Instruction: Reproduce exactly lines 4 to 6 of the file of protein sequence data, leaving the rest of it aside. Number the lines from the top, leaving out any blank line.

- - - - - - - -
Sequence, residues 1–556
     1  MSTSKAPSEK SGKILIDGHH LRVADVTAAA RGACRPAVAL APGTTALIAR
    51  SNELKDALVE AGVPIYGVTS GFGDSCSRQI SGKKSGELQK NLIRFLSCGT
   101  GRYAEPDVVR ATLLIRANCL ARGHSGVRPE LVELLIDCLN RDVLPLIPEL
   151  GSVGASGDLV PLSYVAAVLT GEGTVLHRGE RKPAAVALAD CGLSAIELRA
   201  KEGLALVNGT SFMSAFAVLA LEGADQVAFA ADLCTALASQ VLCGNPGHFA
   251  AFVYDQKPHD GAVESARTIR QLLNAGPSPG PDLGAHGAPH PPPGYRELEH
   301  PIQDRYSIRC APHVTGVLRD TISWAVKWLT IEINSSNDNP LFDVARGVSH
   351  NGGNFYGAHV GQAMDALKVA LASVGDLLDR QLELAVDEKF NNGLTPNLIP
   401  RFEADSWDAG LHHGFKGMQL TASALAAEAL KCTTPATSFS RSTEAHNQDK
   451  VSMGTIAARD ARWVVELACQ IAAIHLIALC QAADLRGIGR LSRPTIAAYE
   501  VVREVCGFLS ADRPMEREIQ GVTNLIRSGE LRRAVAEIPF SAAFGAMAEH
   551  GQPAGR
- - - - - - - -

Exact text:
   101  GRYAEPDVVR ATLLIRANCL ARGHSGVRPE LVELLIDCLN RDVLPLIPEL
   151  GSVGASGDLV PLSYVAAVLT GEGTVLHRGE RKPAAVALAD CGLSAIELRA
   201  KEGLALVNGT SFMSAFAVLA LEGADQVAFA ADLCTALASQ VLCGNPGHFA